Antony and Cleopatra is often represented as a great love story, like Romeo and Juliet. I don’t find this so. Cleopatra reminds me of Elizabeth I, using all her feminine charms, wit, and intelligence to remain in power in a male world. Of course she loved Leicester; of course she loved Essex; but when they became a risk to her power, she cut off their heads.
Of course Cleopatra loves Antony, but her priority, in my view, is holding onto her power, and she is willing to negotiate with Caesar to try and achieve that, though not to the extent of betraying Antony, as Elizabeth would have done.
Does Antony love Cleopatra? He seems torn between Egypt and Rome. In A1S2:
These strong Egyptian Fetters I must break,
Or lose myself in dotage.
And at the end of the scene he does just that, and goes to help Caesar and marry Octavia. But then he deserts Octavia and returns to Egypt and Cleopatra, from fear of Caesar.
In the second half of the play, he is forever thinking that Cleopatra is about to betray him to Caesar. He seems like a man ‘in thrall’ to Cleopatra, rather than in love with her.
So we don’t get the uncomplicated love story which perhaps the Taylor and Burton film portrayed. We get a story about people torn between love and power.
Antony’s struggle with Caesar, is a battle between the aging hero (he sees himself as a descendant of Hercules) and the young Machiavellian administrator (Caesar) – not that different to the struggle between Henry IV and Hotspur.
Shame was part of the mechanism in ancient societies to drive the revenge we see in Ancient Greek tragedies. That has been slowly replaced by the rise of law and justice until in the modern age where we no longer barely understand shame. Shame is dangerous – it leads to action – and sets one group against another. And so it is suppressed in our modern society.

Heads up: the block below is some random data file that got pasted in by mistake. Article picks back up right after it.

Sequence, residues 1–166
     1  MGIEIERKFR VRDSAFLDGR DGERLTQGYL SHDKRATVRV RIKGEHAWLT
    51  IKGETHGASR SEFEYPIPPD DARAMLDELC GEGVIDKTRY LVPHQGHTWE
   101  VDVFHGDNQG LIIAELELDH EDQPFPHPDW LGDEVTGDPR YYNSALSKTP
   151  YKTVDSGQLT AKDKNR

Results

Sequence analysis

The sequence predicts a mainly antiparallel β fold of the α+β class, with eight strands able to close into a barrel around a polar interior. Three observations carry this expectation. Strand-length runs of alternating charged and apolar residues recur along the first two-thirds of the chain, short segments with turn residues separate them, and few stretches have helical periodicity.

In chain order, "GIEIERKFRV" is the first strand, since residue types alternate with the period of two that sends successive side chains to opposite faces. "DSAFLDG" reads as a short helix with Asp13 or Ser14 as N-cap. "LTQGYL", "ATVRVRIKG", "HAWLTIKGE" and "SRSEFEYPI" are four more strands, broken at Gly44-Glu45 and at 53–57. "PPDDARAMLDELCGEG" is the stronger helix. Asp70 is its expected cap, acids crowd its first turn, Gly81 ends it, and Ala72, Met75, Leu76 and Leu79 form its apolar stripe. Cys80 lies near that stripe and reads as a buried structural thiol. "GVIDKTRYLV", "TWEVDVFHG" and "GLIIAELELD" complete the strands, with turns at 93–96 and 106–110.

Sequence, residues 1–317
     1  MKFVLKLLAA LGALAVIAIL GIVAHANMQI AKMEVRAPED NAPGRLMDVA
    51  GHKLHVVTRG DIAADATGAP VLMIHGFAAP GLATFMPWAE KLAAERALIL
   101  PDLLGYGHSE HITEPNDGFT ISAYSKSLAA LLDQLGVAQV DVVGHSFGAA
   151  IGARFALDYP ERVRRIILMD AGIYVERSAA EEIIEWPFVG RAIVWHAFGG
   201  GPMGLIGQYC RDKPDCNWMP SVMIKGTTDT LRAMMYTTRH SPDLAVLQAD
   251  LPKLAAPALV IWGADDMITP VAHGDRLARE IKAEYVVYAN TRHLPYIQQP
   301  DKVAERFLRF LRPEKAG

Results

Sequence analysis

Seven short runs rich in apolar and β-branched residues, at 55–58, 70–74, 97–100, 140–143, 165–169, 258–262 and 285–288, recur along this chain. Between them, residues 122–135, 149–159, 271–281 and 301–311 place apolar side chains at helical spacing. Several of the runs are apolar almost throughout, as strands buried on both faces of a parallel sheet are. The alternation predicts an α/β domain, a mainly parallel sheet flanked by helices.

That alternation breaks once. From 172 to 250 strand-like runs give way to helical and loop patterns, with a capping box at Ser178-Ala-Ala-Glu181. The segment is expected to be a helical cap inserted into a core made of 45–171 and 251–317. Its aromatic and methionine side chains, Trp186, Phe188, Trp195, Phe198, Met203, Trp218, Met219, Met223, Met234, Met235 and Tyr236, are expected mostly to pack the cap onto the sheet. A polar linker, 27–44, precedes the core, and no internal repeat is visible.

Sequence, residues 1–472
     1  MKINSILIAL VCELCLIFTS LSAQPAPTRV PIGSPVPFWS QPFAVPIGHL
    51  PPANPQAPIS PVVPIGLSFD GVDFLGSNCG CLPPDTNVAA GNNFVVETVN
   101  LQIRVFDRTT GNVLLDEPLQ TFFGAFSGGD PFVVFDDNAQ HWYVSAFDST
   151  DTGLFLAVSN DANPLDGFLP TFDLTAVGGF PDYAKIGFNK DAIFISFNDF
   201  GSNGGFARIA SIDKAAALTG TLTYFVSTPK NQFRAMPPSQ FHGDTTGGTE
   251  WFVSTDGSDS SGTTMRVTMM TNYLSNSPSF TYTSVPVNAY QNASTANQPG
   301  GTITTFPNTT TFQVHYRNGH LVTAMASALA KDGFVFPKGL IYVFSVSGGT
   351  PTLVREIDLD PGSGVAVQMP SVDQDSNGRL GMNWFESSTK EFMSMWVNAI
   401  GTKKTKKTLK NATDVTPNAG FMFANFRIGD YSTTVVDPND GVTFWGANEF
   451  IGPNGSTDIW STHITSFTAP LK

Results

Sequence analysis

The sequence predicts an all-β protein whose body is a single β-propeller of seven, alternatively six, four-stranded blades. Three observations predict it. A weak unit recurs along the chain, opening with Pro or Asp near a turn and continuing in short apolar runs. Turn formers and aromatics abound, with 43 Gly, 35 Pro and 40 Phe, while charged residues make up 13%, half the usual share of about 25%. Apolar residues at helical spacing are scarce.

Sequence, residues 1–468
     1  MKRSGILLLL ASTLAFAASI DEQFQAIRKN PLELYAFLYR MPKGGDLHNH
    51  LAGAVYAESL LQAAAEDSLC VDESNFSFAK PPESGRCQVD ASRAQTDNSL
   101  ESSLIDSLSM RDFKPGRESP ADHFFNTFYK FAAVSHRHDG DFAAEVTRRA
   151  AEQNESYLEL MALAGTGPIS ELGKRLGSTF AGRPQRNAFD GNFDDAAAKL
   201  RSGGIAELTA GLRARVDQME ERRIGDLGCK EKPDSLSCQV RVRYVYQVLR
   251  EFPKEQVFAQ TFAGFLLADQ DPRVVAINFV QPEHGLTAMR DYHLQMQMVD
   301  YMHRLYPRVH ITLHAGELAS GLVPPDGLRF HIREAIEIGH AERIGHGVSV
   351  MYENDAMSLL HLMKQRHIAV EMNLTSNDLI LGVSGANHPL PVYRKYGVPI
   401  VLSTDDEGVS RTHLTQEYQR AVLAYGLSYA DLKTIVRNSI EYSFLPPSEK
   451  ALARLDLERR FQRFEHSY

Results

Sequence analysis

At the heart of Antony’s tragedy is shame. At the naval battle between Caesar and Antony and Cleopatra, Cleopatra’s fleet turn tail and retreat, and Antony follows her.
It was a mistake to fight Caesar at sea anyway, as Antony’s officers make a point of telling him before the battle.
His loss of his general’s strategic vision leads to him forgetting his martial strengths, and results in shame. As early as A3S11, Antony says:
Hark! The Land bids me tread no more upon’t,
It is ashamed to bear me. Friends, come hither.
I am so lated in the world, that I
Have lost my way for ever.
And in the previous scene, Scarus links this explicitly with Cleopatra – the feminine:
She once being loofed,
The Noble ruin of her Magic, Antony,
Claps on his Sea-wing, and, like a doting Mallard,
Leaving the Fight in height, flies after her.
I never saw an Action of such shame.
Experience, Manhood, Honour, ne’er before
Did violate so itself.
For the rest of the play, Antony’s death is inevitable. But for a modern audience, this shame of the tragic hero is not so clear as it would for an Athens audience of a Greek tragedy, or even a London audience of Antony and Cleopatra, in the C16 / C17.
The fall of a big man is still interesting. The suicide of a powerful woman still grips a modern audience, but Antony and Cleopatra has difficulties for C21 audiences:
- Antony’s fall brought on by his shame does not move us, in whom shame is suppressed ;
- Cleopatra’s guile is no longer so attractive
- The conflict between the individual hero and the administrator or system’s man no longer resonates.
We need to find a new way of interpreting this great play to make it relevant to a modern audience.
Time for another play-reading of Antony and Cleopatra.